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Page 93 - Ran purple to the sea, supposed with blood Of Thammuz yearly wounded; the love-tale Infected Sion's daughters with like heat; Whose wanton passions in the sacred porch Ezekiel saw, when, by the vision led, His eye surveyed the dark idolatries Of alienated Judah.
Page 188 - Such forces met not, nor so wide a camp, When Agrican with all his northern powers Besieged Albracca, as romances tell, The city of Gallaphrone, from thence to win The fairest of her sex Angelica, His daughter, sought by many prowest knights, Both Paynim, and the peers of Charlemain.
Page 274 - Than one of these same metre ballad-mongers ; I had rather hear a brazen canstick turn'd, Or a dry wheel grate on the axle-tree ; And that would set my teeth nothing on edge, Nothing so much as mincing poetry : 'Tis like the forc'd gait of a shuffling nag.
Page 187 - Yes ! thy proud lords, unpitied land ! shall see That man hath yet a soul— and dare be free ! A little while, along thy saddening plains, The starless night of desolation reigns ; Truth shall restore the light by Nature given, And, like Prometheus, bring the fire of Heaven ! Prone to the dust Oppression shall be hurl'd, Her name, her nature, wither'd from the world...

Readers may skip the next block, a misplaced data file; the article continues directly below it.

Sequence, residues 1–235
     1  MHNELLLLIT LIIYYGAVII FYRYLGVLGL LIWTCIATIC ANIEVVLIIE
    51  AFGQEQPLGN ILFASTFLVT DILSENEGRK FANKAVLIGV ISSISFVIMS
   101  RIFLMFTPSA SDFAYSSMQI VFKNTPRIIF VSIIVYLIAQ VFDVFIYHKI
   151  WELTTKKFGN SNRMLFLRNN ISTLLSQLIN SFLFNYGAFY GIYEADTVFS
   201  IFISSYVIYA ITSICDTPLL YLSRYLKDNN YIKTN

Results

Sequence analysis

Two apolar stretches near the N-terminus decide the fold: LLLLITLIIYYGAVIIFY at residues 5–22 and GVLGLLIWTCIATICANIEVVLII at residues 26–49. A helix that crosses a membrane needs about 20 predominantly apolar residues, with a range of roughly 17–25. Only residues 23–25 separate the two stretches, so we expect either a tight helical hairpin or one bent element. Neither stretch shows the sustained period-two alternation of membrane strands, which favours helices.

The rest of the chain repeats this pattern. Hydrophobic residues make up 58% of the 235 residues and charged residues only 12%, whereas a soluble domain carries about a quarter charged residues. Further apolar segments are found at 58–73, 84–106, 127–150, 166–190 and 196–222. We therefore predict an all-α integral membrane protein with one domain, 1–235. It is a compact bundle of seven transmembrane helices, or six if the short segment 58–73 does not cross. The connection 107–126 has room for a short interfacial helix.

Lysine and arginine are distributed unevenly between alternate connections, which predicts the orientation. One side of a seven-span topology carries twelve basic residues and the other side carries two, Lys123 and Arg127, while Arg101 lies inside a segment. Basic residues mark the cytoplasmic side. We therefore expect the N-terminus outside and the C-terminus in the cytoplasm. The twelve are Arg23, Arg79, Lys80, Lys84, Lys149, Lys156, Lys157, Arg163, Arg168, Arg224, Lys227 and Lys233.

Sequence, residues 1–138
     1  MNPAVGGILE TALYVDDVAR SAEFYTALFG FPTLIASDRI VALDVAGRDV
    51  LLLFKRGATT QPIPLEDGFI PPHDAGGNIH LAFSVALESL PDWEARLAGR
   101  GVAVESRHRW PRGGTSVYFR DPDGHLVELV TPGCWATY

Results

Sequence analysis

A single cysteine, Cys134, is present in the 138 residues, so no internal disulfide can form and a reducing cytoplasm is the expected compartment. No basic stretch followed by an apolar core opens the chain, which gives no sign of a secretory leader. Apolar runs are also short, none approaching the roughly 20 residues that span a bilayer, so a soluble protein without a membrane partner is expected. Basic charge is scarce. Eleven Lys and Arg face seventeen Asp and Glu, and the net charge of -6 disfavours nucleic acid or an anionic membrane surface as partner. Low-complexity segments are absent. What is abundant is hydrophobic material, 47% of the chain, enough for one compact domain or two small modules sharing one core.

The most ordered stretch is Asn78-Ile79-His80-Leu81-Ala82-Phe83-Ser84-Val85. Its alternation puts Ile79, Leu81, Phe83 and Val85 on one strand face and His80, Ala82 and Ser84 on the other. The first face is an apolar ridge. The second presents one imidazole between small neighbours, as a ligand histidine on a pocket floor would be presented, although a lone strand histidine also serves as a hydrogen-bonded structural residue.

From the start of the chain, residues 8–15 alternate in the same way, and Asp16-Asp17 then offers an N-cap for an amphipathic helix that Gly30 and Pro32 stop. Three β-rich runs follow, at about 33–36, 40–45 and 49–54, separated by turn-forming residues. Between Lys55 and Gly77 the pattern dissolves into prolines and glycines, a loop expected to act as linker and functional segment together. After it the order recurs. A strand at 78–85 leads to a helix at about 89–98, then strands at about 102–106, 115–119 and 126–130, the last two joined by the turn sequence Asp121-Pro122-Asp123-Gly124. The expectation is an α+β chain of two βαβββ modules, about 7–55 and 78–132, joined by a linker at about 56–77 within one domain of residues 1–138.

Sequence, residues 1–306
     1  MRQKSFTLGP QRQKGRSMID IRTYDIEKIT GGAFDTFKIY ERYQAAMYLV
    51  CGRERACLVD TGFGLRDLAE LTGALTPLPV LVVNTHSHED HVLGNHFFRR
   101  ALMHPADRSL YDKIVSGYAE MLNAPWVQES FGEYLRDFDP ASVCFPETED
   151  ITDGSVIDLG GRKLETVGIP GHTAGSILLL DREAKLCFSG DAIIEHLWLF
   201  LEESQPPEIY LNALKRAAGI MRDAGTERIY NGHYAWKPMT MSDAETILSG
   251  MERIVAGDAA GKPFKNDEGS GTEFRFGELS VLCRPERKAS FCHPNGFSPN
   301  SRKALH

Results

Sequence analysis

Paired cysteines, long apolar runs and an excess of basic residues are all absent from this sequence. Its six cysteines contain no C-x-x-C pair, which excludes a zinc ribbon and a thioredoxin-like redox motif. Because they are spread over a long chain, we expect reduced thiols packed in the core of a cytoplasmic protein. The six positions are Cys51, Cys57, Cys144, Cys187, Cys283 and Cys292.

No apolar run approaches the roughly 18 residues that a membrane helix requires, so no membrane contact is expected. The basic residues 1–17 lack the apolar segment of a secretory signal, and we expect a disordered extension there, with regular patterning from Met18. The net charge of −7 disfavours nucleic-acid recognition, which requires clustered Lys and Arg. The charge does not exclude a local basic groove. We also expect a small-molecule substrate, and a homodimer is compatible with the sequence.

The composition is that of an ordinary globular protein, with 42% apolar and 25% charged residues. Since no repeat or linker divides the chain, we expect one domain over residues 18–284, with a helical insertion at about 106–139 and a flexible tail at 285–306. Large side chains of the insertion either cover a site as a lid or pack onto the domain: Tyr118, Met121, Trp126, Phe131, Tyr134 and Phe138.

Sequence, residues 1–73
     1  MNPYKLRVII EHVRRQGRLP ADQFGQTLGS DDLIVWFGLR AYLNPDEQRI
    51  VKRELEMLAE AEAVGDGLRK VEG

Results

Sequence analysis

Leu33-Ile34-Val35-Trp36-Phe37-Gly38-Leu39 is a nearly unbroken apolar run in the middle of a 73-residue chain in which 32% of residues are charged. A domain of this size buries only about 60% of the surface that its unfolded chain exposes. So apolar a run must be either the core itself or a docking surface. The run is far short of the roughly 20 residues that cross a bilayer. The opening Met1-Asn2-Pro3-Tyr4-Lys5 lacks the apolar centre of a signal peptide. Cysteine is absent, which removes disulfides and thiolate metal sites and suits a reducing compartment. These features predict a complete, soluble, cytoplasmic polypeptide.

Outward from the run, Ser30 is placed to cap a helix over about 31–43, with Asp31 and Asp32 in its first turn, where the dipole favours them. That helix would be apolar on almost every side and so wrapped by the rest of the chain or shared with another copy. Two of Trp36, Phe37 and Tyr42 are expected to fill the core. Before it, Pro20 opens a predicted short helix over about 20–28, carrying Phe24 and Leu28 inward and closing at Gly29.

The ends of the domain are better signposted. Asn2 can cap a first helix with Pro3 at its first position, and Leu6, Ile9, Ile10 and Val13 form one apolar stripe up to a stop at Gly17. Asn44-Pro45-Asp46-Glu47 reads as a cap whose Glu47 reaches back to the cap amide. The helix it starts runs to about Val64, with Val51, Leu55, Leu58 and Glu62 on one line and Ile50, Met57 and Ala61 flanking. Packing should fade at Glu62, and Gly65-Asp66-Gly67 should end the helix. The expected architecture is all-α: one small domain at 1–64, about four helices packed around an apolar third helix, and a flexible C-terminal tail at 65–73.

Page 189 - Though rooted deep as high, and sturdiest oaks, Bowed their stiff necks, loaden with stormy blasts, Or torn up sheer.
Page 192 - Catullus has added two verses which we have not translated, because they injure the poem. Sed tu insulsa male et molesta vivis Per quam non licet esse negligentem. This, if said at all, ought not to be said to the lady. The reflection might be (but without any benefit to the poetry) made in the poet's own person. Among the ancients however, when we find the events of common life and ordinary people turned into verse, as here for instance, and in the...
Page 188 - It may be doubted whether the Creator ever created one altogether so great; taking into our view at once (as much indeed as can at once be taken into it) his manly virtues, his superhuman genius, his zeal for truth, for true piety, true freedom, his eloquence in displaying it, his contempt of personal power, his glory and exultation in his country's.
Page 188 - For where no hope is left, is left no fear : If there be worse, the expectation more Of worse torments me than the feeling can. I would be at the worst, worst is my port, My harbour, and my ultimate repose ; The end I would attain, my final good.
Page 190 - Imperial rule of all the sea-girt isles, That, like to rich and various gems, inlay The unadorned bosom of the deep...